There is a noticeable change in the vegetation as one crosses the border from Kenya into southern Somalia, with sections where many of the short, tough acacia trees have been cut down for charcoal.
While there is thick tree cover on the Kenyan side near Ishakani, which reduces visibility to a few metres, inside the Somalia border, the bare open plain stretches approximately four to five kilometres.
The taking of Ras Kamboni and Bur Gaboby, the two fishing towns by the sea that have been under the control of Al Shaabab, by the Kenya defence forces has struck an economic blow at the militia group.
As Ras Kamboni is closer to the Kenyan side than Bur Gabo up north, it served as the base of fishermen who supplied fish to hotels in Lamu and resorts on the islands operated.
The cutting down of trees in large areas is evidence of the booming trade in charcoal that was a source of income for the militia group currently on the run in the Southern Sector.
At Bur Gabo, which has a deep harbour for medium-sized ships and big dhows to dock, the export of charcoal has virtually ground to a halt.
The charcoal’s destination was Dubai, Yemen, Saudi Arabia and other states in the United Arab Emirates, where it is used for cooking in hotels and barbeques by the general populace.
Captain Abdikadir Ahmed, the head of the Transitional Federal Government of Somalia forces in the area, told The EastAfrican that up to six of the dhows used to transport charcoal would drop anchor at Bur Gabo every day.
The charcoal exporters would be required to pay Al Shaabab $15,000 as taxes daily.
It takes three days to load one dhow with a carrying capacity of about 19,000 bags. A bag is bought from the traders at $1 and resold for $4 or $5 at the final destination.
The fighting in southern Somalia over the years revolved around the control of the lucrative charcoal trade, a source of revenue that is much sought after.
The EastAfrican was told that the charcoal burners transport their products to the harbour using donkeys on the treacherous rocky paths.
With the entry of the Kenyan soldiers and the cutting off of the charcoal trade, Capt Ahmed turned away a dhow that had called into the harbour to pick up charcoal the day before he gave this interview. The harbour at Bur Gabo has mountains of charcoal packed in light green gunny bags.
“These are enough to fill about 30 dhows,” said Capt Ahmed, adding that at Quday, where the Al Shaabab are believed to have headed after the fall of Bur Gabo, there is enough charcoal to fill 100 dhows.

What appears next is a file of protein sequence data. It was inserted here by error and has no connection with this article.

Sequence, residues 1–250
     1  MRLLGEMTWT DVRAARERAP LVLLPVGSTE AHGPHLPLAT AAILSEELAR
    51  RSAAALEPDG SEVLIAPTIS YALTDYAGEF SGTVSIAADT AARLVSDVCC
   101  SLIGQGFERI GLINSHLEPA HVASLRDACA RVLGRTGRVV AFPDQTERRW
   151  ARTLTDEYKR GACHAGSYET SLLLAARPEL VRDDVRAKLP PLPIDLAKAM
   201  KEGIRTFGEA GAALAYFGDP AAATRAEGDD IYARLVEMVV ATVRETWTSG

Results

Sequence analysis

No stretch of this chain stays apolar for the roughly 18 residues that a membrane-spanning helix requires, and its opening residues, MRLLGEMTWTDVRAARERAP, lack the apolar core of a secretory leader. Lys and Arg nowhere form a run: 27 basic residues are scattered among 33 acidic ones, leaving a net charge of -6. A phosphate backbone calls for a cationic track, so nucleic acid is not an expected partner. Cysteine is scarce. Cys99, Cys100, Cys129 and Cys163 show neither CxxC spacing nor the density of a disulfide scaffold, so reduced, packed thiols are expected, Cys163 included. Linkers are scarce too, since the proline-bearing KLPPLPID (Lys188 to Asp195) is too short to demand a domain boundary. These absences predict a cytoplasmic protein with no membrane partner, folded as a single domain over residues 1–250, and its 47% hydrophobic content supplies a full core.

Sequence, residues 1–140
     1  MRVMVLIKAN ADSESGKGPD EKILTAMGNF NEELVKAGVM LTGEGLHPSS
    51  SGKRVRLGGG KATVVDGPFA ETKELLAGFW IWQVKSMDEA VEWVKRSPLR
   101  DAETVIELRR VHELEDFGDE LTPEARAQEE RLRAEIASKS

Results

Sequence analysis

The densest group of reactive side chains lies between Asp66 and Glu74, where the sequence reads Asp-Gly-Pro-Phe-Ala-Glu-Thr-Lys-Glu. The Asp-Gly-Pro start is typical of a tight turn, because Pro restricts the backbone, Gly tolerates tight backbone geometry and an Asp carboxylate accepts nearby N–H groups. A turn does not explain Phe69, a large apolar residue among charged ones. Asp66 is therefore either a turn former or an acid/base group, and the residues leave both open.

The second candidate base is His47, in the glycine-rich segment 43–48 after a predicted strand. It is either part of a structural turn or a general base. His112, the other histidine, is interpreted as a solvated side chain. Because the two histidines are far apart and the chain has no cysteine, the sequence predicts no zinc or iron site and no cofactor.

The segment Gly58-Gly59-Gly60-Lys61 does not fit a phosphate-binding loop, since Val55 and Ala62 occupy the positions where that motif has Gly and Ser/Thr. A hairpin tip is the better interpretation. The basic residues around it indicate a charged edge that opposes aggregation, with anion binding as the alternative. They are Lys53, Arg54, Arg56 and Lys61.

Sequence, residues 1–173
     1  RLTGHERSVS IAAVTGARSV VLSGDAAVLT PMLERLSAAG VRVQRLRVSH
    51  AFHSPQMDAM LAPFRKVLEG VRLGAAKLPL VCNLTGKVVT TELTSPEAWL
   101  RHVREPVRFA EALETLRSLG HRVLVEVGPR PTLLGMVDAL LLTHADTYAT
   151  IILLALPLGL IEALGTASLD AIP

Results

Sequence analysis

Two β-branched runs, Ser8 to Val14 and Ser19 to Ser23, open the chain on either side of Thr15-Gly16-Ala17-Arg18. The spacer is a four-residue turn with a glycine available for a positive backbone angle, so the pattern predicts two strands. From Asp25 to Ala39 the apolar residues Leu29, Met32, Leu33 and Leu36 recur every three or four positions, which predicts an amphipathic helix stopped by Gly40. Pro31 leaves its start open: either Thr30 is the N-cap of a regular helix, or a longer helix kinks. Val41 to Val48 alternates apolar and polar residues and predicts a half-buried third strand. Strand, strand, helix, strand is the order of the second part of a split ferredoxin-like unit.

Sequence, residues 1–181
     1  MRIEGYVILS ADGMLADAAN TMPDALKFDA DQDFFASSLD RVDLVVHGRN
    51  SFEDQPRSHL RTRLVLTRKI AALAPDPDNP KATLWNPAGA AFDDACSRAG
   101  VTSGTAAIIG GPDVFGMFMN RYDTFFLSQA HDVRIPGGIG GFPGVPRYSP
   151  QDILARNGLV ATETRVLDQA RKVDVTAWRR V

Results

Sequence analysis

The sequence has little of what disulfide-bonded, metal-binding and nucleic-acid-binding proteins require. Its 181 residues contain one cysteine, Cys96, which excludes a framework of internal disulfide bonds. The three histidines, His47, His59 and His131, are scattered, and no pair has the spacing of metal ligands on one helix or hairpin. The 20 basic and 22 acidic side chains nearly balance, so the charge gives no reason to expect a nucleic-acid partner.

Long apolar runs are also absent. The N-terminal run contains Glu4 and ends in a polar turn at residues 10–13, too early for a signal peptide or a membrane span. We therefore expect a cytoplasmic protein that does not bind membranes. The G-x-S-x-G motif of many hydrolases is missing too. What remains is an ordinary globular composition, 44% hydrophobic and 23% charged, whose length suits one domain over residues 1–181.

He said that when the situation finally settles down and the Transitional Federal Government controls the economy of the region, it could reduce the taxes paid by the charcoal exporters.
But he is not certain since the forces are yet to capture more towns on the coastline and inland, and such security and economic issues would have to be agreed on by the TFG.
But it is clear the charcoal trade is not about to end, and there are no concerns about environmental degradation that would characterise the charcoal trade debate in Kenya.
The environmental destruction appears to be a minor issue for the local people and their leaders, going by the response by Ahmed Mohammed Islan alias Madoobe, a former governor of Jubaland under the Islamic Courts Union.
“It’s hard to talk about charcoal burning and the cutting down of trees,” he said, adding, “Watu ndio hukatwa sana saa hii, sio miti (It is people who are losing their lives here, not the trees).”
The hinterlands of Ras Kamboni and Bur Gabo are vast and dry, favourable only for the short, tough acacia trees. The recent rains have turned the land into a lush green.
“We need people to be educated about environmental issues first so they can know that we have to stop that (business) now,” said the man better known as Madoobe.
For now, Madoobe would perhaps want to secure the areas under the control of TFG and his Ras Kamboni Brigade, have access to Kenya restored so business can get back on its feet and bring back some peace to Somalia.